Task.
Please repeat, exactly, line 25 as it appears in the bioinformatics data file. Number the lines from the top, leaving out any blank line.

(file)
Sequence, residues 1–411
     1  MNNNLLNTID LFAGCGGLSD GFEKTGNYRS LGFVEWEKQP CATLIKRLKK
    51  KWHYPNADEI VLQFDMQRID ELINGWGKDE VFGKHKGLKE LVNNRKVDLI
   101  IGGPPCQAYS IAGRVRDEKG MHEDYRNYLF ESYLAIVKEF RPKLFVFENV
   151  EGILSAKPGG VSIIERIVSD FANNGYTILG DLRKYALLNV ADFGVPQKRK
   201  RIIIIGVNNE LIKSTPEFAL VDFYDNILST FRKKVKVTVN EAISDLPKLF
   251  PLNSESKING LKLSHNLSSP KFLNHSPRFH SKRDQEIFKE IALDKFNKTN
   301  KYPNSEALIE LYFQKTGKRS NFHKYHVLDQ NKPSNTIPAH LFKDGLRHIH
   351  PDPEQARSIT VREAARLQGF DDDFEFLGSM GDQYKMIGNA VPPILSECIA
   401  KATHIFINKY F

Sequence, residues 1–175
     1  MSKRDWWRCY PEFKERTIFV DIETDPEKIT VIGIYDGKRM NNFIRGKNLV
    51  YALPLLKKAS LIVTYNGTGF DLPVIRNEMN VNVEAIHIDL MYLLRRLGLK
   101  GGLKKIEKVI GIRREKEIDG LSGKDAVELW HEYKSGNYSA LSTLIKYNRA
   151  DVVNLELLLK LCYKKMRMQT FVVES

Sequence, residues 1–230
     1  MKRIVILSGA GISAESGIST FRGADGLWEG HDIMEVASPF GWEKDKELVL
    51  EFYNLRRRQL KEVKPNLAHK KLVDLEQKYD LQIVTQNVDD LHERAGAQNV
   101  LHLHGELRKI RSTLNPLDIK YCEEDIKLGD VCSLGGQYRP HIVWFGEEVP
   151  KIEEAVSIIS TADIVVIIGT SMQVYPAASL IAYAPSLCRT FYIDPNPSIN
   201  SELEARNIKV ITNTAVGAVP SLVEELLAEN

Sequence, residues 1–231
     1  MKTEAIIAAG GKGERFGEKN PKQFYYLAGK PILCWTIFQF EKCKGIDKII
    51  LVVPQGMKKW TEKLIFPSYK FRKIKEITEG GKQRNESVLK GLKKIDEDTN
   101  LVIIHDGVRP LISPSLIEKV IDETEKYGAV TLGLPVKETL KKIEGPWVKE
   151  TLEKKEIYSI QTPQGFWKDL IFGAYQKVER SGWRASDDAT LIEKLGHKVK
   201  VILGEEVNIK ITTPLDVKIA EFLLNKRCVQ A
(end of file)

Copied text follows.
   101  LVIIHDGVRP LISPSLIEKV IDETEKYGAV TLGLPVKETL KKIEGPWVKE